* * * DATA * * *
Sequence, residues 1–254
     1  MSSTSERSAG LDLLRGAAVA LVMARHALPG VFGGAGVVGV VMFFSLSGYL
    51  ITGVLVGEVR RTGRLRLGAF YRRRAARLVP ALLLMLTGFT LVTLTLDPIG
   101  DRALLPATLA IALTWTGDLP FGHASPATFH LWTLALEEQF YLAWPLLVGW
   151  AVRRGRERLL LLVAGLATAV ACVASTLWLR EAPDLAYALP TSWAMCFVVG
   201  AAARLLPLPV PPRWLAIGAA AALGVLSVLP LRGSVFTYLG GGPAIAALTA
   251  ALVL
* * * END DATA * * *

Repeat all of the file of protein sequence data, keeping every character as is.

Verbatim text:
Sequence, residues 1–254
     1  MSSTSERSAG LDLLRGAAVA LVMARHALPG VFGGAGVVGV VMFFSLSGYL
    51  ITGVLVGEVR RTGRLRLGAF YRRRAARLVP ALLLMLTGFT LVTLTLDPIG
   101  DRALLPATLA IALTWTGDLP FGHASPATFH LWTLALEEQF YLAWPLLVGW
   151  AVRRGRERLL LLVAGLATAV ACVASTLWLR EAPDLAYALP TSWAMCFVVG
   201  AAARLLPLPV PPRWLAIGAA AALGVLSVLP LRGSVFTYLG GGPAIAALTA
   251  ALVL